Every doctor practising in the UK will be subject to regular checks to help improve the quality of patient care, it was announced today by the Secretary of State for Health.
The new system of checks - known as revalidation - will be run by the General Medical Council (GMC) and marks the biggest change in how doctors are regulated for more than 150 years.
It promises to be the most comprehensive scheme of its kind anywhere in the world with the UK's 230,000 licensed doctors expected to show they are keeping up to date and are fit to practise.
The Secretary of State for Health, Rt Hon Jeremy Hunt MP, today confirmed that the new system will start in December.
He said: ‘Doctors save lives every day and making sure they are up to speed with the latest treatments and technologies will help them save even more. This is why a proper system of revalidation is so important.’
The new system will be based on an annual appraisal and the information doctors will collect about their practice, including feedback from patients, doctors, nurses and other colleagues.
The UK will be the first country to introduce such a system covering all its doctors. To keep their licence to practise, doctors will be required to revalidate on a regular basis. Once the scheme is up and running this will normally be every five years.
The GMC will start to tell doctors their first revalidation dates in December and expects most doctors to have revalidated by March 2016.
Professor Sir Peter Rubin, Chair of the GMC welcomed the Health Secretary's decision.
He said: ‘This is an historic day for patients and for the medical profession. We are confident that the introduction of revalidation will make a major contribution to the quality of care that patients receive and will give them valuable assurance that the doctors who treat them are regularly assessed against our professional standards.’
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Revalidation is expected to start in early December 2012. Based on plans developed by the four UK countries, we expect to revalidate:
- responsible officers and other medical leaders first, by March 2013
- about a fifth of licensed doctors between April 2013 and the end of March 2014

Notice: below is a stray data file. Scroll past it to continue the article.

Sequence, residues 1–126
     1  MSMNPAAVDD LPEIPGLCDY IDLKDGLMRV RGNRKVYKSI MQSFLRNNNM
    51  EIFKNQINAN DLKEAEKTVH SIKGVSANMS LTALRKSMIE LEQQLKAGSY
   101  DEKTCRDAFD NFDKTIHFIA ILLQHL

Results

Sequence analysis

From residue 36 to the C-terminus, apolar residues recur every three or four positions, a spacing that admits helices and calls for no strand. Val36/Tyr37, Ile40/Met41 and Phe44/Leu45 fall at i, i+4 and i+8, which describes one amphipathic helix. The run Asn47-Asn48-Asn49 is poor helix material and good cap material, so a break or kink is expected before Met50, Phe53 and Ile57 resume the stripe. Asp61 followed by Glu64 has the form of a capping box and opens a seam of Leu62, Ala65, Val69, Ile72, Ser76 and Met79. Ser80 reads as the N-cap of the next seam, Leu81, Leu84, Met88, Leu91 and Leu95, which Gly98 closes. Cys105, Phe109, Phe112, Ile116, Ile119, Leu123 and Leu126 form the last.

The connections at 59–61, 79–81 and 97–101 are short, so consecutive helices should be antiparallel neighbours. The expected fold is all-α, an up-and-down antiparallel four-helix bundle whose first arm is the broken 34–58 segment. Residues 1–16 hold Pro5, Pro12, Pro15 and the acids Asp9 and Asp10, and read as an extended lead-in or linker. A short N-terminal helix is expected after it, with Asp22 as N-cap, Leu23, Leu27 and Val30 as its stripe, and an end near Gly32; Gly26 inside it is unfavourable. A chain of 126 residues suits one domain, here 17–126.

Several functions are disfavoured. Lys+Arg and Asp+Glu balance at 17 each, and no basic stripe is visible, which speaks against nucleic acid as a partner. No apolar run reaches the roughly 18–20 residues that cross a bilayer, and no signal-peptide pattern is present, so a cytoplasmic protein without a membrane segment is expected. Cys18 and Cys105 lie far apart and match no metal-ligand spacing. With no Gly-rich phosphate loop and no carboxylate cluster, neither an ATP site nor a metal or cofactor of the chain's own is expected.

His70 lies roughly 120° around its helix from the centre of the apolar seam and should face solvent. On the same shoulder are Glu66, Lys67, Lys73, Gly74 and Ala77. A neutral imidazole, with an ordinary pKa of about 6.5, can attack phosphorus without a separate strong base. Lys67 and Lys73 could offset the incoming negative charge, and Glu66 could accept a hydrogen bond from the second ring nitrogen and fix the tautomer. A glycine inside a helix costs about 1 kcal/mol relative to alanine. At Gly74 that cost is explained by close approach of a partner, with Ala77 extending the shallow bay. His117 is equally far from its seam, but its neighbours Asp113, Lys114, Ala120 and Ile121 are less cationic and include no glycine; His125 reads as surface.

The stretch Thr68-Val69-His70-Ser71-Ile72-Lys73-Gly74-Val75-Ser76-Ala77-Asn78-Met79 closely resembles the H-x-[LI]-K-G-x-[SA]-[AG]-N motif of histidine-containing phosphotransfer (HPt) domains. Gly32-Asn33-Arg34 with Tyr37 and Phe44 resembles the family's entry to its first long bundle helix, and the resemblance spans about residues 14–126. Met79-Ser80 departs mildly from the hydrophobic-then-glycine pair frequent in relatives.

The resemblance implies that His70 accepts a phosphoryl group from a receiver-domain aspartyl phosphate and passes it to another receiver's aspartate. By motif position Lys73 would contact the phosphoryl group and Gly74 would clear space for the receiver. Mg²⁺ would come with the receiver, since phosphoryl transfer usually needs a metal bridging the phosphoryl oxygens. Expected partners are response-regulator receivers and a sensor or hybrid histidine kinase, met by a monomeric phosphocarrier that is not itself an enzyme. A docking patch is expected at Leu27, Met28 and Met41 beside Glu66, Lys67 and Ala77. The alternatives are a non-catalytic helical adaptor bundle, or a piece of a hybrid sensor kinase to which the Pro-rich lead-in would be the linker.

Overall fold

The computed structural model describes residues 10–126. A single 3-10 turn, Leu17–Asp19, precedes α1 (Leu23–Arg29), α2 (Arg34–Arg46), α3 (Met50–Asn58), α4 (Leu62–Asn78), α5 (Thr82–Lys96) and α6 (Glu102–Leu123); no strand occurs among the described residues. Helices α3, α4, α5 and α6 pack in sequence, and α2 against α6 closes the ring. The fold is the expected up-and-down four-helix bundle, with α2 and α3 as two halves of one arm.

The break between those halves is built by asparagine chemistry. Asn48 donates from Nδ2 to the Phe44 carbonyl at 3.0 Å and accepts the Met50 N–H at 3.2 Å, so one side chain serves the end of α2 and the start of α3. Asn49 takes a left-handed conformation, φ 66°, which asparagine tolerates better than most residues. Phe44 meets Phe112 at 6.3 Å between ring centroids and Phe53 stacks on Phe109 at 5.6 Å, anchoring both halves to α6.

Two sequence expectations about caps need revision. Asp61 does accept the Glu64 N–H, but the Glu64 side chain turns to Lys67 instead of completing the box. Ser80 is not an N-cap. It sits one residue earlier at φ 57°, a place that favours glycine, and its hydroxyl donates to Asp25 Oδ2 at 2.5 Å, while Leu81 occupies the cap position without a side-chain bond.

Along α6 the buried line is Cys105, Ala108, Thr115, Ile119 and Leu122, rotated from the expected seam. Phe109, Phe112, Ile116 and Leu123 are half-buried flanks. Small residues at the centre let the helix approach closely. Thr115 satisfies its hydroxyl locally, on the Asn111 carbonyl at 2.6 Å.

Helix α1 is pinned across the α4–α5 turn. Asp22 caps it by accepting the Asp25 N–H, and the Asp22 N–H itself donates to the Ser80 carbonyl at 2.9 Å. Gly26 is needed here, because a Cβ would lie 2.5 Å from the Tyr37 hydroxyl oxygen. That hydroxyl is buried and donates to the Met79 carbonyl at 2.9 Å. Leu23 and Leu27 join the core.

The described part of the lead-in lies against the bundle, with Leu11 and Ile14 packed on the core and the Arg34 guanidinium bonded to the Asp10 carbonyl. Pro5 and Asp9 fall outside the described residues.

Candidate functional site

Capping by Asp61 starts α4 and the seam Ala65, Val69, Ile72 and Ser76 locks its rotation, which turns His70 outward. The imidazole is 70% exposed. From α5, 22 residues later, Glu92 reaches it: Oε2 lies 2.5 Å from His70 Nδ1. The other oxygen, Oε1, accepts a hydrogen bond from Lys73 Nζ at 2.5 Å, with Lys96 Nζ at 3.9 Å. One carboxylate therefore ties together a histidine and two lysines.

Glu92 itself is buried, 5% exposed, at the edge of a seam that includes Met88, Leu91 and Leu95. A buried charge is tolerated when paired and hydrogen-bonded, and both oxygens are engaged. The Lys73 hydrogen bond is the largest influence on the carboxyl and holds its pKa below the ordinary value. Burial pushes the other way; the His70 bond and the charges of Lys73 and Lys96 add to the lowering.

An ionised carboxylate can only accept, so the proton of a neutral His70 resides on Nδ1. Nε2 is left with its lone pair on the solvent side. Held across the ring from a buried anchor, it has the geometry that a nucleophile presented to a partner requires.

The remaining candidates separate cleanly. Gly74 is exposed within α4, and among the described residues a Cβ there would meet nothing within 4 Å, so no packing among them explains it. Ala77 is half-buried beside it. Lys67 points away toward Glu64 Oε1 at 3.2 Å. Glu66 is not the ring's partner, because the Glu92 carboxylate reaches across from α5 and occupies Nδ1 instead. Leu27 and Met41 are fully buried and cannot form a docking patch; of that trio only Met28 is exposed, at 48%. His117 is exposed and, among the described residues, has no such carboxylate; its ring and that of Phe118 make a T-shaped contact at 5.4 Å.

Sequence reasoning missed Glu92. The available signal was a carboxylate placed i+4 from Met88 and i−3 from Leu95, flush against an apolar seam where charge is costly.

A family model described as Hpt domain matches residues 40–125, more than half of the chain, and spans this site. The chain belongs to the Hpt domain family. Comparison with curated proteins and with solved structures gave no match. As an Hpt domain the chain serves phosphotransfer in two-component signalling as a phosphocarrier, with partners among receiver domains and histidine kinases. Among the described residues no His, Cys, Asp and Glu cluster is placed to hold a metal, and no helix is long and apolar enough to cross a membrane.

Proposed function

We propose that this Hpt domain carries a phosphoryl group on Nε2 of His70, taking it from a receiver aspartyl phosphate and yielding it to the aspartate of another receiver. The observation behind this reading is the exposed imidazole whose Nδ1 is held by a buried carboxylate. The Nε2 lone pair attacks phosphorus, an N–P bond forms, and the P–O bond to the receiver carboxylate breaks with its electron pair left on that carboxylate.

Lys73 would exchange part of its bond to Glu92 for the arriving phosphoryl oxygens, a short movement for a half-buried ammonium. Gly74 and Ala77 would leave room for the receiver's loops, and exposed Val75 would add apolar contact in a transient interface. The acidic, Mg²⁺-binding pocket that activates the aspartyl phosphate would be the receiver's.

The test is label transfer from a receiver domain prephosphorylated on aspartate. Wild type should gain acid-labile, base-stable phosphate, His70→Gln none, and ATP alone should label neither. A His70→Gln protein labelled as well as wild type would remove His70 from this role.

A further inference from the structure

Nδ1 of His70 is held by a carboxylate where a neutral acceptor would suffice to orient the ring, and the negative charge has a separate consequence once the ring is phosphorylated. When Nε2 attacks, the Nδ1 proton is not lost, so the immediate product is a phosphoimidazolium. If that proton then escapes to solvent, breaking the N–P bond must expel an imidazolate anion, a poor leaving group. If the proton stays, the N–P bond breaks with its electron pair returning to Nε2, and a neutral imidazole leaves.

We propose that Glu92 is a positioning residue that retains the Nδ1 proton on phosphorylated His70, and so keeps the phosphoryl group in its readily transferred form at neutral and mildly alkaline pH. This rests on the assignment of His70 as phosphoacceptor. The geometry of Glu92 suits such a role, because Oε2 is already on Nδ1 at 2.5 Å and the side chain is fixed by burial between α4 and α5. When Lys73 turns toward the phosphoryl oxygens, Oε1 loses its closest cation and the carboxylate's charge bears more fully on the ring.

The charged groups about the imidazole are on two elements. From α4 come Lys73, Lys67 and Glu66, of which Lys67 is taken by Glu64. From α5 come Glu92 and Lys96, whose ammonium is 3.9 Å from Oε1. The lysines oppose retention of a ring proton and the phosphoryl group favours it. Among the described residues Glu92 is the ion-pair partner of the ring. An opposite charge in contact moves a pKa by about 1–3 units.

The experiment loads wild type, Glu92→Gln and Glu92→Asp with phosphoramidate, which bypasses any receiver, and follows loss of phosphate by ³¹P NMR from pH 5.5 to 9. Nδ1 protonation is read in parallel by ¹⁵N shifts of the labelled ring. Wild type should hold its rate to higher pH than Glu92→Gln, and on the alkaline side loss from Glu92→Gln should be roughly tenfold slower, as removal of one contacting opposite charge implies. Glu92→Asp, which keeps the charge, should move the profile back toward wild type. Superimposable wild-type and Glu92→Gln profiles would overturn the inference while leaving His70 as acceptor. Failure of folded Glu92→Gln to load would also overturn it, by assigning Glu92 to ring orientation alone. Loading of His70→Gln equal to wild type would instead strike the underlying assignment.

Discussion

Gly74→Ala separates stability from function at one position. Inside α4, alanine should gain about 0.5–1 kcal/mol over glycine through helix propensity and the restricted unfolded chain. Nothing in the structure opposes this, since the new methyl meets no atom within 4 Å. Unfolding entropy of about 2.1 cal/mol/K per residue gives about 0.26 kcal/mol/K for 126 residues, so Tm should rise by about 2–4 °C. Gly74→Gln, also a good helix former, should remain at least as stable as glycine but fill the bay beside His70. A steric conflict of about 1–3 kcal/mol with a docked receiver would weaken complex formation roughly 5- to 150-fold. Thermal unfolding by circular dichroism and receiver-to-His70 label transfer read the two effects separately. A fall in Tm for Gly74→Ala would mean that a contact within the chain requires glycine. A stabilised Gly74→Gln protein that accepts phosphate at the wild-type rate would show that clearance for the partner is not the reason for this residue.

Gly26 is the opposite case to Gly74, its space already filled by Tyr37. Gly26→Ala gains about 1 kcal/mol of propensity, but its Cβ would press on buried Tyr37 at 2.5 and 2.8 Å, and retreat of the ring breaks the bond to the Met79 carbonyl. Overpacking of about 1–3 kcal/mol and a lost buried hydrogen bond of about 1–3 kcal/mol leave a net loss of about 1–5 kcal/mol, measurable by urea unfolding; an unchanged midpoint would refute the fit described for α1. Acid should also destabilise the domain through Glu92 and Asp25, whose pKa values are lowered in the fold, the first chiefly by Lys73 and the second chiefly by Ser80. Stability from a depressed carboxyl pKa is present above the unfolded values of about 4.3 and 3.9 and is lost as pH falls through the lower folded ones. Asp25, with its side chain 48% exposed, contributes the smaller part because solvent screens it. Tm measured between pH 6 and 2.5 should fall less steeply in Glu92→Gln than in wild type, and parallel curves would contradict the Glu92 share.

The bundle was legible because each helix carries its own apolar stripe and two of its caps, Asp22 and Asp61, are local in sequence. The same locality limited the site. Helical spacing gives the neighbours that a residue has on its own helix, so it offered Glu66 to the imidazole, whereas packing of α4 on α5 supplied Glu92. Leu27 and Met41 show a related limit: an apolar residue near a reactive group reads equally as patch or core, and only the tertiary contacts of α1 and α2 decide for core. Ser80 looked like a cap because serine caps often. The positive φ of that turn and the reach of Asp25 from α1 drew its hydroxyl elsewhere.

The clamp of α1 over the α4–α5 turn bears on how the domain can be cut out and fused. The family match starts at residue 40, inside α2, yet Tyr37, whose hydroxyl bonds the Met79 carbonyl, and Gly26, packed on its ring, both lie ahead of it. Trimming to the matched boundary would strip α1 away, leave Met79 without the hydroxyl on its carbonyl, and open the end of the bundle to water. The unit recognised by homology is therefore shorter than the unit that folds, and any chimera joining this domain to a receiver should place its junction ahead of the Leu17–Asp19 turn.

- the majority of licensed doctors by the end of March 2016
- all remaining licensed doctors by the end of March 2018.
Since April, the GMC has been working with doctors to understand their connections with ‘designated bodies’. These are the organisations that have a duty to provide doctors with a regular appraisal and help them with revalidation. They include NHS organisations, independent healthcare providers, and locum agencies.
As a result of our ‘make your connection’ campaign we know the designated bodies for nearly 200,000 licensed doctors on the register. We are developing alternative arrangements for doctors who don’t have a designated body and will contact them later in the year with more advice.
Over the summer we have also been working with Responsible Officers to schedule doctors for their first revalidation from December 2012 onwards. Responsible Officers have based their schedules on when they expect each of their doctors will be ready for revalidation. We will start to tell doctors their dates from December onwards.
Recent assessments by the Delivery Boards in each of the four countries of the UK - who are responsible for overseeing the changes to relevant legislation and regulations - demonstrate that the health systems are ready enough to commence and organisations across the UK are strengthening their systems of appraisal and clinical governance in readiness for revalidation.
Readiness statistics for England, Northern Ireland, Scotland and Wales are as follows:
- Registered and licensed doctors 2011: 177,659
- Over 90% of doctors are connected to designated bodies that are ready or very close to being ready for revalidation. (A ‘designated body’ is a UK organisation which will provide a doctor with a regular appraisal and help them with revalidation)
- The percentage of doctors linked to designated bodies who have had an annual appraisal rose from 63% in March 2011 to 73% in March 2012.
- Registered and licensed doctors 2011: 6,454
- In NI primary care, 99.7% of those eligible for appraisal were appraised last year.
- Consultant appraisal ranges from 72% to 89% across the five Health and Social Care Trusts. Staff and associate specialist appraisal rates range from 32% to 78% across the same organisations.
- Registered and licensed doctors 2011: 19,373
- Excluding NES (NHS Education for Scotland) who cover trainees, 16 of the 19 Boards are considered to be fully on track to deliver revalidation.
- All appraisers in primary care have been NES trained. Appraiser training in secondary care is progressing and will continue until the end of 2013. To date, 345 have completed their training, and a further 180 are scheduled to do so this year. This will ensure sufficient appraisers are trained and in place for the first year.
- Registered and licensed doctors 2011: 10,400
- The GMC will be hosting events, in partnership with the Wales Deanery and Health Boards, to inform doctors about the implementation of Revalidation
- 87% of GPs have completed appraisals during 2011-12 and 91% of trainees have been engaged in the annual review process for doctors in training
- 99% of doctors are covered by a designated body that has appointed or nominated a Responsible Officer.